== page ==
Guy Sebastian has found himself at the centre of a vaccination storm after a cryptic social media video posted to Instagram on Monday night.
The Voice host has drawn criticism from fans, fellow entertainers and even a high-rating talkshow host after appearing to distance himself from a campaign to promote COVID vaccination.
Musician Ben Lee responded to Sebastian’s video, calling it “sad”.
“To be honest, this is actually a really sad example of what happens when your career is dependent on trying to be all things to all people”, Lee wrote.
It came after Sebastian signed on to the Vax the Nation campaign. It features an advertisement of clips from live music events to the soundtrack of Powderfinger’s My Happiness, all cut short by COVID headlines.
The tagline – “stop the interruptions” – urges Australians to get COVID vaccines so that live entertainment can return.
But Sebastian, who was among hundreds of Australian artists to sign up to the promotion, drew anger from fans by apologising for the ad.
He said he would “never ever tell people what to do when it comes to their personal health choices”.
“I just want to say I’m really sorry. It was not a post that was communicated with love or compassion, which I feel is what’s needed when it comes to addressing things like vaccinations,” he said.
The video was quickly slammed by supporters of the campaign, which has involved some of the entertainment industry’s biggest names and largest promoters.
Sebastian responded further to the mounting criticism on Tuesday, replying to a tweet from hip hop artist Urthboy.
“Some artists are expending a huge amount of their cultural capital challenging audiences to get vaxxed,” Urthboy wrote.
“Then there’s Guy Sebastian, one of our most successful artists, who sounds like he agrees with the science but is terrified of losing his anti-vax $ [dollar].”
“Mate, with all love and respect, I think it’s important to listen to what I’m actually saying. I am double-vaxxed. I’m all for encouraging people to make the right medical decision for them,” Sebastian replied.
The singer also copped a spray from Sydney radio host Ray Hadley, who said he was “disappointed” in Sebastian’s backdown.
Sebastian phoned into to respond to Hadley live on air on Tuesday, accusing the 2GB host of supporting a “false narrative”.
“I haven’t said I don’t support vaccinations,” he said.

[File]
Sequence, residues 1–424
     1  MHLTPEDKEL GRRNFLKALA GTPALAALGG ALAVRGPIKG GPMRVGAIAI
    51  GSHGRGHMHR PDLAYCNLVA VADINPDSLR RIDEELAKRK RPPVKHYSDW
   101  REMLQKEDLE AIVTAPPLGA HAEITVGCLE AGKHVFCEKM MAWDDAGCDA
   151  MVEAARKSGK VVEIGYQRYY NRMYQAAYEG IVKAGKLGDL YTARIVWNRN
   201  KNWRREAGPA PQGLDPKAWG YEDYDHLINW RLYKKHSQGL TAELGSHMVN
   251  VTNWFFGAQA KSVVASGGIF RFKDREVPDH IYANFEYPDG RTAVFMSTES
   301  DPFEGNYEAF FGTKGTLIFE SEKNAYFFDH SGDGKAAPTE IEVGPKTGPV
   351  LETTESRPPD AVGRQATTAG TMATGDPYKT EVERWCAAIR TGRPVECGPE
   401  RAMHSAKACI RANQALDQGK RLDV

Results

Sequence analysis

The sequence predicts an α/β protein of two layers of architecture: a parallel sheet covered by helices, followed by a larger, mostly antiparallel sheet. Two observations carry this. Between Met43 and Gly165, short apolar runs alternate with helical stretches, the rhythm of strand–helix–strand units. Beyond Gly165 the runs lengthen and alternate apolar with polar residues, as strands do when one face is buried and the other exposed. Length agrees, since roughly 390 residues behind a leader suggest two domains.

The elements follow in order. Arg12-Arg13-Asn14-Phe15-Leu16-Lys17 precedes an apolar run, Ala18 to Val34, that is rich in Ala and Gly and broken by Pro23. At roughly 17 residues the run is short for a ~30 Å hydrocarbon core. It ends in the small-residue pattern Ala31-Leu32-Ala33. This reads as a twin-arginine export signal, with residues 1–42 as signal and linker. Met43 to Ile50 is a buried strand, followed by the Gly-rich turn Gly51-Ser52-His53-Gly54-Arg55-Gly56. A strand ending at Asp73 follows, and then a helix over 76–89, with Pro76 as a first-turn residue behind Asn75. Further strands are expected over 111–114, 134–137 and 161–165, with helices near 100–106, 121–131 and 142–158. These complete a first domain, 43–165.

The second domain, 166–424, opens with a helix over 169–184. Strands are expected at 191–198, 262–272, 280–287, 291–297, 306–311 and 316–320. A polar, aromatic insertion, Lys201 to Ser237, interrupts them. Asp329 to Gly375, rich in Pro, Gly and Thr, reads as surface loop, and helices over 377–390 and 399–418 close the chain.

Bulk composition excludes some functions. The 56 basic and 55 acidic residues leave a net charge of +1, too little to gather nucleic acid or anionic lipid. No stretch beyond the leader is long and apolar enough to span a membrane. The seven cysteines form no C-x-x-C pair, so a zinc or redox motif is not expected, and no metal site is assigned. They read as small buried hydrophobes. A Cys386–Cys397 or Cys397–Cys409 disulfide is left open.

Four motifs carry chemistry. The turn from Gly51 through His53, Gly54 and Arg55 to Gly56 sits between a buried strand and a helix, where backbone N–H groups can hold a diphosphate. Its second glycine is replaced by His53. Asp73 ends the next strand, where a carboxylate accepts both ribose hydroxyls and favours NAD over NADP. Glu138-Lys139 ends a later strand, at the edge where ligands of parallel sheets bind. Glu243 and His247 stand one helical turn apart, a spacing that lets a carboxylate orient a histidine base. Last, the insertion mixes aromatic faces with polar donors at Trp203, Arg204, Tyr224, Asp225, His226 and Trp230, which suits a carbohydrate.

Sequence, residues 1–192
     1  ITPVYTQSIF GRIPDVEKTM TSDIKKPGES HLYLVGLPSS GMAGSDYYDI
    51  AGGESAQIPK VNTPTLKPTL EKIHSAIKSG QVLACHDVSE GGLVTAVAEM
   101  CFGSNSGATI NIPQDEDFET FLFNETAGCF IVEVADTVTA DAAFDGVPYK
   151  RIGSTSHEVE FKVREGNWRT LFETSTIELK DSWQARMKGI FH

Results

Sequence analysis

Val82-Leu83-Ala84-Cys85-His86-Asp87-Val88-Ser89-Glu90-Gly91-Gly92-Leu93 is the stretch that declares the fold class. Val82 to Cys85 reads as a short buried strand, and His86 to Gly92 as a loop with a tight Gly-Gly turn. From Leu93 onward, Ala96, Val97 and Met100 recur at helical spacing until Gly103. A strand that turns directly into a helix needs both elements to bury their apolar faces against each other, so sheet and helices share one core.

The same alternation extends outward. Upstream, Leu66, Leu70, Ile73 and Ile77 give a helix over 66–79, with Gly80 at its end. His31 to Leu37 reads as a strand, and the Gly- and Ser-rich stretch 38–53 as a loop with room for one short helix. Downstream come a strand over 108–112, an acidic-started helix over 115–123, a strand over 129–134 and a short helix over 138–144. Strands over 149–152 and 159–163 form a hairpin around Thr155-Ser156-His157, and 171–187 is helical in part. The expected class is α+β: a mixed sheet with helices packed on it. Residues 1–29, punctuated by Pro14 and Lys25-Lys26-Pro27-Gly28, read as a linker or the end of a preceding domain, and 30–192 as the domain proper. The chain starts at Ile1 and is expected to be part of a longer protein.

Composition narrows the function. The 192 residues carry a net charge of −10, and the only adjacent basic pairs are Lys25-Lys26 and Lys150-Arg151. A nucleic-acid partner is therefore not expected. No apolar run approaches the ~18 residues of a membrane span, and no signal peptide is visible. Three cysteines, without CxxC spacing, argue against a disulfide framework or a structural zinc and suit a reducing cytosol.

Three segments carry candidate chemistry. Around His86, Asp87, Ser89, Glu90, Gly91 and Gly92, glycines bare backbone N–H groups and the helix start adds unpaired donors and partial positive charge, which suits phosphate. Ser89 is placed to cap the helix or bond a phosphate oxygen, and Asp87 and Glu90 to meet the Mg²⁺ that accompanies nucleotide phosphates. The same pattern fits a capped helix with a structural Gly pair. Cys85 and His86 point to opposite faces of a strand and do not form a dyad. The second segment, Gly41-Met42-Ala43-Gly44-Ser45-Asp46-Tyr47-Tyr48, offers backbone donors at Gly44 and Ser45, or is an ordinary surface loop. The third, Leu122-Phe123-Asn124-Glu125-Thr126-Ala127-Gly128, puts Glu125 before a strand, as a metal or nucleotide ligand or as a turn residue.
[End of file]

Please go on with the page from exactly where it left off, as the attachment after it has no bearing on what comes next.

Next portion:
“Personally I am pro-vax”, he added, accusing Hadley of lumping him in with anti-vaxxers.
“The comment that was posted on my behalf dealt in absolutes and it’s not how I personally choose to get the message [across]. I am with the campaign.”
But when prompted by Hadley, Sebastian refused to change the wording of his Instagram video to make it clear that he was specifically referring to those with medical reasons.
Rapper Briggs said Sebastian needed to “unpack his spine”, with a message to “any musicians apologising for trying to get back to work by advocating for a safer audience”.
Elsewhere, comedian Joel Creasey reminded his followers of the title of the Australian Idol winner’s first single and said that trying to sit on the fence during a pandemic was a “fun new move” from Sebastian.
The Angels Brought Me Here singer has also copped plenty of public backlash, with Twitter users pointing out the irony of refusing to promote vaccines after appearing in commercials for other products.
The Shot columnist David Milner brought together a tough year for the artist, who has also been slammed for joining Scott Morrison to announce a funding package for the entertainment industry.
“Guy Sebastian going from an outspoken advocate for his industry, to a justifiably outraged prop in Morrison’s PR campaign, to a coward trying to appease anti-vaxxers, is quite the character arc,” Milner wrote on Twitter.
Others also remembered the stunt, which came after entertainers were excluded from the federal government’s JobKeeper scheme.
“Guy Sebastian wants his industry to get back to normal but would like to apologise for being seen to endorse something that will help get that industry back to normal. The same Guy who was used by the government to show that they were supporting artists but actually weren’t,” user @itsmarcusryan wrote.
NSW Premier Gladys Berejiklian, however, brushed off questions about whether Sebastian’s stance would have a negative effect on the vaccine rollout.
“It’s a democracy and people have views,” she said.
Vax the Nation and Guy Sebastian did not respond to requests for comment.